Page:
KQED's live two-hour call-in program presents wide-ranging discussions of local, state, national and international issues, as well as in-depth interviews.
Recently on Forum:
Junot Diaz burst onto the literary scene with "Drown," a collection of short stories voiced by Yunior, a tough-talking Latino struggling to make his way on the streets of New Jersey. Diaz has revived Yunior for his latest book, "This Is How You Lose Her." Only this time, Yunior is juggling multiple women, and figuring out how to be faithful to his fiancee. The Pulitzer Prize-winning author joins us to talk about the book, and what it takes to be faithful.
A third of households headed by single mothers are in poverty. A new report by the conservative think tank The Heritage Foundation argues that promoting marriage is America's greatest weapon against poverty. We discuss the report, the link between single-parent households and poverty and what can be done about it.
Four years ago, members of San Francisco experimental theater company foolsFURY went on a three-day cruise to research a new play. The eclectic black comedy "Port Out, Starboard Home" is the result of what they found and imagined on that cruise, as created by playwright Sheila Callaghan. We talk with members of foolsFURY about the new play and the weird world of cruises, both real and imagined.
The new play "PLACAS," set in San Francisco's Mission District, tells the story of a Salvadoran ex-gang member who is released from prison and -- as a condition of parole -- must have his gang tattoos removed. The play explores issues of immigration, refugees and Central American gangs in U.S. cities. We talk with playwright Paul Flores and actor Ric Salinas about the play, which plays at the Lorraine Hansberry Theater as part of the San Francisco International Arts Festival.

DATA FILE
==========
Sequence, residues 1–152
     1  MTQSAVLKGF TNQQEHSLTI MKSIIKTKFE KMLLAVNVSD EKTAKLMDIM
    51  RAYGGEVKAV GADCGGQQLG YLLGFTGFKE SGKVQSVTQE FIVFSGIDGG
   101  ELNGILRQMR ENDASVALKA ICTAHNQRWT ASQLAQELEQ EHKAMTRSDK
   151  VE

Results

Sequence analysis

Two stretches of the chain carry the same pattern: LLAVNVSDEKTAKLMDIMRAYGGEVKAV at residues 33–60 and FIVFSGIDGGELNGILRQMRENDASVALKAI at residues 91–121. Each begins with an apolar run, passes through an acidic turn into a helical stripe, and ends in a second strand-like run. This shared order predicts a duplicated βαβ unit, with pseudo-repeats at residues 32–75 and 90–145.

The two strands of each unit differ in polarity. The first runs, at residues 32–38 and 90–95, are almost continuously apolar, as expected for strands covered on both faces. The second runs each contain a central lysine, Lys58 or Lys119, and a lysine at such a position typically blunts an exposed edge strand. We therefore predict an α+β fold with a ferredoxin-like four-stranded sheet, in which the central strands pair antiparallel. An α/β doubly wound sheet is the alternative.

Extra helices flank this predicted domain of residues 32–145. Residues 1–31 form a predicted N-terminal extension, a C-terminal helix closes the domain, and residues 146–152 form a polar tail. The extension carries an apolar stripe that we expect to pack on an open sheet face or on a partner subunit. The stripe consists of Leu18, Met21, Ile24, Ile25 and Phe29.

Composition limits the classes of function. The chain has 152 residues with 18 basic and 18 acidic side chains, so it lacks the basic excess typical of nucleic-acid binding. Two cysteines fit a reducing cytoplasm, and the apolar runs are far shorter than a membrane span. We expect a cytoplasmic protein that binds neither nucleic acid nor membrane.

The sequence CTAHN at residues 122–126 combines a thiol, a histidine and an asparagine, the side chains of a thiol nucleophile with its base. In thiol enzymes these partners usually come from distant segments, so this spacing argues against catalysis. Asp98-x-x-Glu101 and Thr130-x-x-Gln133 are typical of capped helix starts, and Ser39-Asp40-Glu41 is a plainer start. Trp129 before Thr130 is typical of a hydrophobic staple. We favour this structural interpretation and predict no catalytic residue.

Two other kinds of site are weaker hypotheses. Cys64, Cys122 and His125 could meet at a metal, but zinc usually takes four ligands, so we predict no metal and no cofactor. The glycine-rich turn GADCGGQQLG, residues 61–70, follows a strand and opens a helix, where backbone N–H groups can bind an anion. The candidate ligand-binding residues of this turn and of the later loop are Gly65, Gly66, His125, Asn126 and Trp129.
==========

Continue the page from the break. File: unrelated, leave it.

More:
Two new studies suggest wind could power the world in the future. One of the studies, from Stanford University, finds that wind could exceed the world's power demands several times by 2030. What is the future of wind power? How does it compete against solar power, which is cheaper? What's the latest wind technology, and could we start to see deep-water wind turbines off the California coast?
Should California end the death penalty? If approved by voters, Proposition 34 on the November state ballot would convert the sentences of death row inmates to life in prison without the possibility of parole. We'll debate the measure as part of our election series, "What's Government For?"
We discuss the killing of the U.S. ambassador to Libya and three other Americans by armed protesters at a demonstration over an anti-Muslim video.
Michael Chabon, Berkeley-based author of the Pulitzer Prize-winning "The Amazing Adventures of Kavalier and Clay," joins us in the studio. Set in the East Bay, Chabon's new novel "Telegraph Avenue" deals with issues of race relations and gentrification, and explores the worlds of midwifery and vintage vinyl.
The Atlantic magazine writers Derek Thompson and Jordan Weissman join us to discuss their article "The Cheapest Generation," about how the Millennial generation is fundamentally changing America's culture of consumption.
California is among the worst states in the country in which to run a business because of its legal climate, according to a just-released survey of corporate attorneys. We'll discuss the survey, sponsored by the U.S. Chamber of Commerce. What does it say about job creation and retention in California?
A writer who sets up rock concerts for gorillas. A former bicycle engineer who makes art out of scrub brushes and rope swings. A man who designs natural "lightbulbs" with roots and dirt. Those are some of the creative minds who are part of the Artists Programs at Headlands Center for the Arts, which celebrates its 30th anniversary this week. We look at the history of the center, and talk to the artists who find inspiration in the old military fort nestled in the Marin Headlands.
As the 2012 presidential campaign nears its climax, political rhetoric is at a fever pitch and fact-checkers are busier than ever. Are politicians bending the truth more this year than in past elections? Where's the line between political hyperbole and flat-out lying -- and how much do voters really care?